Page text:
While most bands of their ilk are resting on their laurels FM hit the road running with the release of Thirteen, coming hot on the heels of their double Tough It Out Live set from 2021. This album has no right in being as good as it is. Considering they are now only a few years away from hitting 40 years as a band. And the current line-up has been in place since 2008! With this album being produced by the band themselves, they having never sounded better or more on fire than they do over the 11 slabs of melodic rock gold.

Wasting no time, the album kicks into gear with a none more politically apt ‘Shaking The Tree’. When people mentioned singer Steve Overland’s voice it is normally in awe and this song proves that he can sing anything, no matter what the subject and make you want to fight, love and smile all at the same time. Single ‘Waiting for Love’ is more like what we have become accustomed too from the band, but even that sounds fresh and vibrant, especially in today’s musical climate. The flame is still burning for the page 7 stunner that is Steve Overland and I honestly do not think he has ever sounded this good.

As the band themselves continue to lay down some of the most awe-inspiring grooves, from Merv Goldsworthy’s tantalising bass lines, to Pete Jupp’s backbone drumming and Jim Kirkpatrick’s sizzling solos and last but least Jem Davis glorious keys of parp, the band can do no wrong.

Just like the big hitters of the AOR scene any of these songs could be singles as they are all, that good.
Clearly the band are enjoying and relishing their moment in the sun again. And so they should, as this album is up there with their best.

Buy Here

Author: Dave Prince

Written and recorded while the world was still in the grips of the coronavirus pandemic, this new studio album sees the band just keep rolling and making music for the 21st Century as they did on “The Devil You Know” and “The Missing Peace” even if this has some softer lighter edges in the shape of the whistful ‘Get Along’.

Sure their classic rock influences are still in the mix. The heavier songs are present and correct but thats the beauty of an L.A. Guns album you kinda know what you’re going to get but there are subtle surprises within that keep the listener on their toes.

When fans absorb the album as a whole, they’ll see that the tracklisting is divided up into ‘sets’ or ‘suites’, where a sonic style is explored across multiple songs before moving on to the next, making for a longer-lasting listening experience that has certainly kept fans coming back for more (as well as the obvious talents within the line up).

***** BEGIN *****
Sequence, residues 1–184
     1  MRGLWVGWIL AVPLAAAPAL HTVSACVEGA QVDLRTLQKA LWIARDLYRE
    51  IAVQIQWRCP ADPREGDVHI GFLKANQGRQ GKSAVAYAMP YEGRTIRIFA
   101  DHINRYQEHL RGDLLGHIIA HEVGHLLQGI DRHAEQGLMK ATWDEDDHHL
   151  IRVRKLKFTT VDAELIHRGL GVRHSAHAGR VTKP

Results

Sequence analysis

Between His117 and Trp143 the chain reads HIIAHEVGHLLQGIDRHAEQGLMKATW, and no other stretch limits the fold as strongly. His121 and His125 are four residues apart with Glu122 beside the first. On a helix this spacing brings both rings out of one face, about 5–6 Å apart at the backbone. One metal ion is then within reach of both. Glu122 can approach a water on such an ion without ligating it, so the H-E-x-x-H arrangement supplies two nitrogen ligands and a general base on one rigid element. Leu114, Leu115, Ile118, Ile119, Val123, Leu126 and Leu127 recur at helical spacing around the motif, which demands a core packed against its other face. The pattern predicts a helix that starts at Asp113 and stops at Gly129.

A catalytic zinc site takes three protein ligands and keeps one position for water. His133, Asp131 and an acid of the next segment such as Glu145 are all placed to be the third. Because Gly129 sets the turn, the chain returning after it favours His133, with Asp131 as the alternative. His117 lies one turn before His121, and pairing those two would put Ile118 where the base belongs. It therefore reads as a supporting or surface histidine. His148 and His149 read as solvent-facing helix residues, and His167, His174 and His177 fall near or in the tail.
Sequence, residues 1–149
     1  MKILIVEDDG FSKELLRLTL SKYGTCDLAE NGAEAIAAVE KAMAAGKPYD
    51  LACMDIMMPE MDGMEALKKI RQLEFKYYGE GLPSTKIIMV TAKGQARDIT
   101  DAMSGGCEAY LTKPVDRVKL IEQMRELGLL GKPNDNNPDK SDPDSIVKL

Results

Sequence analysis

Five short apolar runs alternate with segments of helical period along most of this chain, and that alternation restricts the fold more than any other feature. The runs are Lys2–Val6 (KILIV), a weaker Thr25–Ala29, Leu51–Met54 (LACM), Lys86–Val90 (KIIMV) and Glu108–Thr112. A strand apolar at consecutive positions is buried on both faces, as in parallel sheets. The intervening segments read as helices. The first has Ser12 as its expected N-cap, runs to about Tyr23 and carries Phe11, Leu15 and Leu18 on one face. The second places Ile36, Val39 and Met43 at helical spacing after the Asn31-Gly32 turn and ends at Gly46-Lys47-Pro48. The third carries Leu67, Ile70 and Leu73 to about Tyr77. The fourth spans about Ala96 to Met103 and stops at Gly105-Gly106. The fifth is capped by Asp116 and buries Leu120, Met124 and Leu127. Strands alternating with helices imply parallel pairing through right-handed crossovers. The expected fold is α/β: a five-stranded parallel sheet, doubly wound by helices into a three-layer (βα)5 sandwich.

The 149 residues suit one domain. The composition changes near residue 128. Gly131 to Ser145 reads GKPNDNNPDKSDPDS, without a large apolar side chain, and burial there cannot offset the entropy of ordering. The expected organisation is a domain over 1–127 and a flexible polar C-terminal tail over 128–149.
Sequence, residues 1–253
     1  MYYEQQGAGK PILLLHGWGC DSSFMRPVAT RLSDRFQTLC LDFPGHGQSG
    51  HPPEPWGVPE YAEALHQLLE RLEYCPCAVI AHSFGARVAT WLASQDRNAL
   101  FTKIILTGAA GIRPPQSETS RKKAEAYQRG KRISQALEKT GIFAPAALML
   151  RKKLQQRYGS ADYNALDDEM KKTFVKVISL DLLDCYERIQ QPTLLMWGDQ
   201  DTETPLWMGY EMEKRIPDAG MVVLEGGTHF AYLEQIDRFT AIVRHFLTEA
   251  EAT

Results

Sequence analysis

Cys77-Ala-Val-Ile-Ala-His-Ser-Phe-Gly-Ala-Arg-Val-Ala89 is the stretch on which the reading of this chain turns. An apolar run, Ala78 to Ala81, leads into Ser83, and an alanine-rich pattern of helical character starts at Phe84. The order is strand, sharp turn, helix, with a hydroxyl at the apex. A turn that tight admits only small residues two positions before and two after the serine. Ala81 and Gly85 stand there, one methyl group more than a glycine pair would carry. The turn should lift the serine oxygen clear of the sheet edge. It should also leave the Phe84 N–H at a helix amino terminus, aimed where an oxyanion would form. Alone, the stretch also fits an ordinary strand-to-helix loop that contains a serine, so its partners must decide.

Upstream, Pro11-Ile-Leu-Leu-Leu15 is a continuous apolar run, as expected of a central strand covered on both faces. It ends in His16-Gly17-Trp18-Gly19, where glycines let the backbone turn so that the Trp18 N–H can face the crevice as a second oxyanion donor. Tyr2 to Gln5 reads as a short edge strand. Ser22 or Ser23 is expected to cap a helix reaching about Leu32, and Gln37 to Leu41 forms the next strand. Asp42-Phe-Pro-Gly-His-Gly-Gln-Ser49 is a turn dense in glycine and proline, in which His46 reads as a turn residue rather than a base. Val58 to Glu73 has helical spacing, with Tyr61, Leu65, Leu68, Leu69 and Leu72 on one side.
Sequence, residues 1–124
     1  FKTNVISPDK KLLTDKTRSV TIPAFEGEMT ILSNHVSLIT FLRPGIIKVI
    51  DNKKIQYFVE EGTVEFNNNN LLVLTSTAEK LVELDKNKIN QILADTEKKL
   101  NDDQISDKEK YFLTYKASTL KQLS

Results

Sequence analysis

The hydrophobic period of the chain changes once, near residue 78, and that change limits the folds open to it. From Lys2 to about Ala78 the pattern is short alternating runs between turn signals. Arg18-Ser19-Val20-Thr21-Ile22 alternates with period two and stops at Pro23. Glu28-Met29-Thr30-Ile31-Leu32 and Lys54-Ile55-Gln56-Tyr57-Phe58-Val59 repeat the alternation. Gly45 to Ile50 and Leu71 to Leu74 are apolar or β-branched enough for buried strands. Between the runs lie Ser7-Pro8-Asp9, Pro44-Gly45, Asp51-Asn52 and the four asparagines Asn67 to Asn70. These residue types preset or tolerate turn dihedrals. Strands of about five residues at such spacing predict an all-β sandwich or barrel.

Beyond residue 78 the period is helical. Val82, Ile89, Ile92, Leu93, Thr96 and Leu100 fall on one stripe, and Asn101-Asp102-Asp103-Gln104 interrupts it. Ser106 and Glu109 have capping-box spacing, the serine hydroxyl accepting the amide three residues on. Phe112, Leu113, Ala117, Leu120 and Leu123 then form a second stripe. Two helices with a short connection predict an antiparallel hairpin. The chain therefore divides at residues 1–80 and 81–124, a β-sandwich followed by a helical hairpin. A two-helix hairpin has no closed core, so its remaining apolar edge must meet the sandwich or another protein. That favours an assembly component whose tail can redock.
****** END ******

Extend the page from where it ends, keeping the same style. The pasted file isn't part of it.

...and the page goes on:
I’ve always been a big fan of Lewis from when he was fronting Girl through Torme and as a solo artist he’s lost none of his talents over the years.

The album kicks off in style with the dirty rock of ‘Canonball’ that harks back to the real spirit of the band and when they first came to the fore. The attack of the two guitars and Lewis’ voice is excellent. then to follow it up with the groove-based boogie of ‘Bad Luck Charm’ then ‘Living Right Now’ that has attitude as well as grooving on a ‘Born To BE Wild’ opening riff its three songs in the intro and three styles that blend really well before the acoustic change of pace that is ‘Get Along’.

Going back to the ‘Sets’ where the album is divided into this laid-back, reflective acoustic section has the excellent ‘If It’s Over Now’ that has a great classic melody going on and Lewis vocals soar before gently getting back into the verse where its more softly spoken. The solo you know is coming and I got the impression of a Randy Rhodes style Ozzy feel and it hits the spot.

There is a solid more gang-like feel to this album and one the band seems altogether more comfortable with. There isn’t any need to just pummel the listener (even though they do at times) they seem more comfortable experimenting and taking different paths with the arrangments and that always makes for a better listen.

Halfway through the album, there’s plenty of grunt on ‘Better Than You’ before the boys get the feet up on the monitors for a DC like stomper in the shape of ‘Knock Me Down’. ‘Dog’ sees Tracii lead the way with a ballsy rocker.

As we head into the home straight the band shift through the gears with the slow-building ‘Let You Down’ that might just be the highlight of the whole album reminding me of the band’s darker classic ‘Hollywood Vampire’. Closing off proceedings with the sludgy, big, let’s get the fuck outta dodge grinding rhythm of ‘Physical Itch’ that closes off another long-player from a band that should rightfully get the respect of its peers for being not survivors but pioneers – a band who kept fighting against the odds and doing it on their own terms and a band that is maturing like a fine wine. Not going through the motions but a band that is going through the emotions – lifting you up and putting you down and if you turn up the speakers they’ll still throw you about. Long may this incarnation of L.A. Guns continue because they have the chops and are still very much capable of cutting the mustard and making really really good albums.

Buy ‘Checkered Past’ Here